Commerce secretary: Economy getting help
By Steve Herring
Published in News on October 14, 2009 1:46 PM
North Carolina Commerce Secretary Keith Crisco, right, jokes with state Rep. Efton Sager, left, and former representative Louis Pate following Tuesday's meeting of the Goldsboro Rotary Club. Crisco, who spoke at the meeting, said he has no crystal ball to gaze into the future of the state's economy.
State Secretary of Commerce Keith Crisco Tuesday told Goldsboro Rotarians he does not have a crystal ball to look into the future of the state's economy. But he said he believes the state is moving in the right direction.
"I think we are bouncing along the bottom. I don't think we have recovered, but I think we have stopped falling," he said.
Regarding the state budget, he said the bad news is that finding the money to pay for programs will continue to be a problem for some time.
"We had a $4.5 billion deficit," he told the gathering at the Goldsboro Country Club. "It was 40 percent cuts, 30 percent stimulus, 20 percent increased taxes (to balance the budget.) The legislature did everything and they probably made everybody mad.
"As you project out, you assume the stimulus money will not be around, so some of the issues, maybe not in the short session, but in the next long session, if the economy does not turn around ... we are going to have to address either the tax structure or something in North Carolina. We are relatively better off than others states, but we do have our own issues."
Crisco said he is "very aware" of the problem posed by high unemployment.
"We care and work hard to try and understand the plight of people in North Carolina today and it is not a pretty picture," he said. "We are relatively better off than so many states. California is losing 100,000 people a month. We are gaining people."
Crisco was questioned about Dell's recent closure of its plant and how it reflected on the practice of providing companies with economic incentives. One Rotarian suggested that lower taxes would work better than incentives.
"It was very disappointing that Dell closed its plant," Crisco admitted. "You hear a lot in the press about incentives, but you need to know that every one of North Carolina's incentives are pay as you go. There is no money up front. You need to know that the state is not giving money, big money to people and saying 'Please come.' They must come and perform before they get anything.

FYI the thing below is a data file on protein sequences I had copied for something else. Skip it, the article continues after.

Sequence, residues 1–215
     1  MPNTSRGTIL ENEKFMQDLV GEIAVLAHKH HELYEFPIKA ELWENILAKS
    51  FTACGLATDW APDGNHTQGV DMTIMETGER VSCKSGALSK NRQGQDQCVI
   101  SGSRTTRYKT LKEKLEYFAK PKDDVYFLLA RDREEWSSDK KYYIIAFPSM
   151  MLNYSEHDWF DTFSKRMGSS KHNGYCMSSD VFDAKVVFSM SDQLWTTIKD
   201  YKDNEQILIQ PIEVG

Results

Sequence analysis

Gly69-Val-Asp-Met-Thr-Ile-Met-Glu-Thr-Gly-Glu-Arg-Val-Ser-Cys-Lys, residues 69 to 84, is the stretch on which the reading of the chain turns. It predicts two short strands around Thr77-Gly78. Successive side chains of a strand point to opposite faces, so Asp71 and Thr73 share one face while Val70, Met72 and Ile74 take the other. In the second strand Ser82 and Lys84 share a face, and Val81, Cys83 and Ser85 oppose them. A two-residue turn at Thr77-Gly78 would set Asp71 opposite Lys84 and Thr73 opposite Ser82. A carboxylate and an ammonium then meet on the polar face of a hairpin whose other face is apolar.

"The key point is if you come and employ people we will pay you money for those jobs, but you have to employ people first. Winston-Salem put about $15 million in that program. They will get every penny back plus 90 acres of land."
The state has about $8.5 million that it will not get back, he said. Of that amount, $500,000 went to the company. The remainder was invested in roads and training.
"I, as a businessman, have a little problem with the theoretical concept. I do. But I also worked in a textile business so I know about competition. I am here to tell you that if we stop, South Carolina, Tennessee, Virginia, Alabama and Mississippi will clean our plow."
He said the state needs to lower its corporate tax rate.
"We need to get our corporate tax down to the point, you know the old joke, 'I don't have to outrun the bear, I just have to outrun you,'" he said. "We need be the lowest corporate tax rate in the Southeast. If we can do that we can attract more. But you will still need incentives. If it is performance based, it is OK anyway."
But the state must be judicious in lowering the rate, he said.
"You are swimming upstream a little bit when you lower the tax rate," he said. "The short run when we cut HHS (Health and Human Services) they are matched three to one by federal dollars. For every $1 we cut out of health care for a nurse or something like that, in addition to lowering services, we lose $3 of federal match. It is a tightrope."
Crisco was asked what the state is doing to develop deep-water ports and an inland port in eastern North Carolina. He said that he is working with Transpor-tation Secretary Gene Conti to put together a "total logistic plan" for the state including the ports, distribution and rail. The state has applied for $5 billion in federal stimulus for rail.
"Georgia has put in these big box warehouses," he said. "That was really smart. This is embarrassing. Lowes, a North Carolina company, uses the Savannah port because of the big box warehouse. ... We should have gotten on that quicker. We are reviewing the whole thing to make sure nothing else slips up on us."
Crisco, who was to leave for Japan and China today, said there are potential customers in China for such big box warehouses.
He also supported recruiting trips abroad.
"I am leaving Wednesday for Japan," he said. "Thursday, she (Gov. Beverly Perdue) is leaving for Japan and China.
"She is going to be wowed. She needs to do it early in her administration because it is so important to what we do. Whether you understand globalization, agree with it, or don't agree with it, or wish it would go away or not, it is here and she needs to see it."